New York - NY Times Profiles Shomrim: A Valuable Community Asset Or Vigilante NYPD Wannabes?
New York - Less than a month after two Chasidic Williamsburg men entered guilty pleas for their part in the beating of a black man in the December 2013, the New York Times has released a scathing article blasting Shomrim patrols, questioning whether the patrols have a disproportionate amount of influence with the NYPD.
Over the years there have been several incidents where members of the Brooklyn patrol groups have found themselves on the wrong side of the law. One former Shomrim member was arrested for bribing NYPD officers to provide him with gun permits, and in other instances, beatings by Shomrim members in response to alleged criminal actions were found to be unwarranted.
Yanky Daskal, head of the Brooklyn South Safety Patrol, described his men as “upstanding volunteers,” noting that a few “bad apples” have given the group a bad reputation.
“It’s a very sad reality in our community that you have many people dedicated to helping and a small minority of critics on the sidelines questioning our motives,” said Daskal.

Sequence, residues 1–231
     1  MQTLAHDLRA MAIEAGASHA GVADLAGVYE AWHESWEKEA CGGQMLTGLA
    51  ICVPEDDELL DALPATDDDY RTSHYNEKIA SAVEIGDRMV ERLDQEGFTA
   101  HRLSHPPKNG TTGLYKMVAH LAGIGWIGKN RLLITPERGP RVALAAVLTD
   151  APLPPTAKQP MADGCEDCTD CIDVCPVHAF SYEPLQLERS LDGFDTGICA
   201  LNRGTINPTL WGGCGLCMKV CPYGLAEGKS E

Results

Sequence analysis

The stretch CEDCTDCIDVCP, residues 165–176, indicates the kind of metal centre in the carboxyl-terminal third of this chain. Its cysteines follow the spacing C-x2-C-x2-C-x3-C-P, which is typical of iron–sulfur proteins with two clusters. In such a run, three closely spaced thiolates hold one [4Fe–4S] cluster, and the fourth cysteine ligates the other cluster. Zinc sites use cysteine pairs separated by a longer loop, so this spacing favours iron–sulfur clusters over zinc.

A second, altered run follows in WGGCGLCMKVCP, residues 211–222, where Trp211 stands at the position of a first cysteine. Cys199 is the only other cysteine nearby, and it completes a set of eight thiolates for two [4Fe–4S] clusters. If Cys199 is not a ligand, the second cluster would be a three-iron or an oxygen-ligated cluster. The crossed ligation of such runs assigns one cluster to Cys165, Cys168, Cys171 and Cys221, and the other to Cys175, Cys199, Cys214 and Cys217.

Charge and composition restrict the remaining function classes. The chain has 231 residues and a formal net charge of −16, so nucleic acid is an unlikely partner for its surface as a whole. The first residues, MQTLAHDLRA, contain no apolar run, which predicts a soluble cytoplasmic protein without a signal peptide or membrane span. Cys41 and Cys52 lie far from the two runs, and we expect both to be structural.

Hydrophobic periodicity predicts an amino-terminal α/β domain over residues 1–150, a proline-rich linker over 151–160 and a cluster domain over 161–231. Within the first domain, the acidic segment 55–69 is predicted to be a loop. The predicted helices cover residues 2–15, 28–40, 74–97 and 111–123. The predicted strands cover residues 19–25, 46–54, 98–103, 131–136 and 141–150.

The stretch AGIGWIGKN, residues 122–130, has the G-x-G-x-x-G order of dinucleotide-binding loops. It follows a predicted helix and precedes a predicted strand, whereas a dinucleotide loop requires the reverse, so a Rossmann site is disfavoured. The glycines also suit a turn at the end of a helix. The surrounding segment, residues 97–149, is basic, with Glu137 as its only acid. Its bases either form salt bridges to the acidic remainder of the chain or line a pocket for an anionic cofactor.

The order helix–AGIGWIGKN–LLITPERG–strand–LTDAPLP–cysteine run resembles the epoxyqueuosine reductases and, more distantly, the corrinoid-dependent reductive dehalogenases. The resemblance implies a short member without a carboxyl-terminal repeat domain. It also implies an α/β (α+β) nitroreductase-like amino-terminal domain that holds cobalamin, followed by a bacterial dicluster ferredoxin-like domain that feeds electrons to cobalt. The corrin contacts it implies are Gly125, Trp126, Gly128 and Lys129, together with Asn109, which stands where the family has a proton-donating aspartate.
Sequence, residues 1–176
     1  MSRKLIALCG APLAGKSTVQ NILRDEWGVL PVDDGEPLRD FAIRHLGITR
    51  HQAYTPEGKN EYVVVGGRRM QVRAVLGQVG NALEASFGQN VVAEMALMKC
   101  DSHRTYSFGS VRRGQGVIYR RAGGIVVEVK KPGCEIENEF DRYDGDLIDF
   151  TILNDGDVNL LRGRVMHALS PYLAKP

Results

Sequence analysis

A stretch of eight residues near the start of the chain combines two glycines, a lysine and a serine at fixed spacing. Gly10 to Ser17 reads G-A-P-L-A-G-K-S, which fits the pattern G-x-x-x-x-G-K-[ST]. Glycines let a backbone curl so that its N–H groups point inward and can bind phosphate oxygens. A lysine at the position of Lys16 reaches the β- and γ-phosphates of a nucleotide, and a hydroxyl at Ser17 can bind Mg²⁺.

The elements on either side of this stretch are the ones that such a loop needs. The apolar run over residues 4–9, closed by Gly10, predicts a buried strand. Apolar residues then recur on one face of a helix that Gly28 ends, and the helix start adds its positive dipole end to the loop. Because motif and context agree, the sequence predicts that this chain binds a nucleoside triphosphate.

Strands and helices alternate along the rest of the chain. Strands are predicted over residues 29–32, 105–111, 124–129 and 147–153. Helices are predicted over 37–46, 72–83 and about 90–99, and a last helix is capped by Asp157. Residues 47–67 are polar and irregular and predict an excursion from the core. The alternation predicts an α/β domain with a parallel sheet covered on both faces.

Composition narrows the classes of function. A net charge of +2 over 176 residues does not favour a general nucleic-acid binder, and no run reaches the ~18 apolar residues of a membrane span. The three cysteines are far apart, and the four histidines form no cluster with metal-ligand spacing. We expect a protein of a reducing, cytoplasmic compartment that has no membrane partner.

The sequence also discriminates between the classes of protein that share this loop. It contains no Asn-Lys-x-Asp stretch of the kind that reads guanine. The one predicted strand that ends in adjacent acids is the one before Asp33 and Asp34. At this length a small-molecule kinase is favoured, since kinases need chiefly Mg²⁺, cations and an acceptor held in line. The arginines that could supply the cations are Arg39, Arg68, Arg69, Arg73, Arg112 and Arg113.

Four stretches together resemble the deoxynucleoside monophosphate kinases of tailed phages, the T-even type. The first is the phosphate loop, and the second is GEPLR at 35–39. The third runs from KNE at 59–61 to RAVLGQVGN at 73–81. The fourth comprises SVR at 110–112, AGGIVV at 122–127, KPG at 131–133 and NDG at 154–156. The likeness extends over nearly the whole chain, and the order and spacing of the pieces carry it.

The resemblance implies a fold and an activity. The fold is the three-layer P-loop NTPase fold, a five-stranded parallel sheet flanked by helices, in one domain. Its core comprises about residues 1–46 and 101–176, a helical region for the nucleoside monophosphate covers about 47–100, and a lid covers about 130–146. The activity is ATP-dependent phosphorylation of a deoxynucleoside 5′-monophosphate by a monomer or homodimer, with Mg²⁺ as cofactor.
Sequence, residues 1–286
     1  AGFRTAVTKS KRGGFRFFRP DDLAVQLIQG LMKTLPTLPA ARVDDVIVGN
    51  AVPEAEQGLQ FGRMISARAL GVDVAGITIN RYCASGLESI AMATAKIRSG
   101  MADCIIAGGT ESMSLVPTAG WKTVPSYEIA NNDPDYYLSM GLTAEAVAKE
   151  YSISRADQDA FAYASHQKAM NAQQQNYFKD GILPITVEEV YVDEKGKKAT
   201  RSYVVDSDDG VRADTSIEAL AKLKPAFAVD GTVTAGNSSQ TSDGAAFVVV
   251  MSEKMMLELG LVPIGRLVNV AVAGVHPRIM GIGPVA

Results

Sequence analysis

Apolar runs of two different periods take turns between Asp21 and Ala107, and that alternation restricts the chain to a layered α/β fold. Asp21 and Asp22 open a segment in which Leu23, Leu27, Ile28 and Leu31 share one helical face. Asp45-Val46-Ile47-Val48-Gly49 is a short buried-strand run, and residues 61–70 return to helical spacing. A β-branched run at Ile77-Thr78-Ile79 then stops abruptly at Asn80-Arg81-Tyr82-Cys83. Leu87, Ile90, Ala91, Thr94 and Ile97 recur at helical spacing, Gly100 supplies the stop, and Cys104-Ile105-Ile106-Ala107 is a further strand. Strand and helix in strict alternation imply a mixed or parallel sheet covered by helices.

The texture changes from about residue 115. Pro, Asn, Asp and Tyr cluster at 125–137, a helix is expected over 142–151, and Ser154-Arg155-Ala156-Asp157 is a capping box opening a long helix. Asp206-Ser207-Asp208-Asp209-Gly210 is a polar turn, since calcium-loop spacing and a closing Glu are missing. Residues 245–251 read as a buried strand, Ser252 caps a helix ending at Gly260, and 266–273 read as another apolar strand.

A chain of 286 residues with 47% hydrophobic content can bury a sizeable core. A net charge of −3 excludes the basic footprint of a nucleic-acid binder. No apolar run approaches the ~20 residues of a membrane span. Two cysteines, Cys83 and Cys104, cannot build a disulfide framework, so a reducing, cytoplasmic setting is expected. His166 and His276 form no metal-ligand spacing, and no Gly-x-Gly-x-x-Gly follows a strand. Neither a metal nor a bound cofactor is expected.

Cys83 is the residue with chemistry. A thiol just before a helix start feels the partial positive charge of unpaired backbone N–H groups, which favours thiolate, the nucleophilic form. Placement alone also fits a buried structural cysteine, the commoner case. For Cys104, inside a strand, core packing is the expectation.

Steven McAllister, commander of the 66 Precinct in Borough Park for a period of three years, said that he worked closely with Shomrim, who gained his respected as a trusted liaison to a community that would always regard him as an outsider.
McAllister recalled that Shomrim members were among the many from the Chasidic community who stood in line for hours to welcome him when he first started at the precinct, each one introducing himself as the point man for the community.
“All of them came in saying: ‘Hi, I’m so-and-so. I’m the most important guy around. Don’t pay any attention to the next guy,’” said McAllister.
While many have criticized lawmakers who have funded Shomrim and provided them hundreds of thousands of dollars of equipment, Assemblyman Dov Hikind said that the money was well spent.
Hikind acknowledged that while Shomrim is an asset to the community, sometimes the boundaries between law enforcement and the volunteers can be blurred.
“Sometimes if you get very close, you forget the fact that they are the police and we are the shomrim,” said Hikind. “There has to be a barrier.”
Read the full article at the New York Times (link here ).
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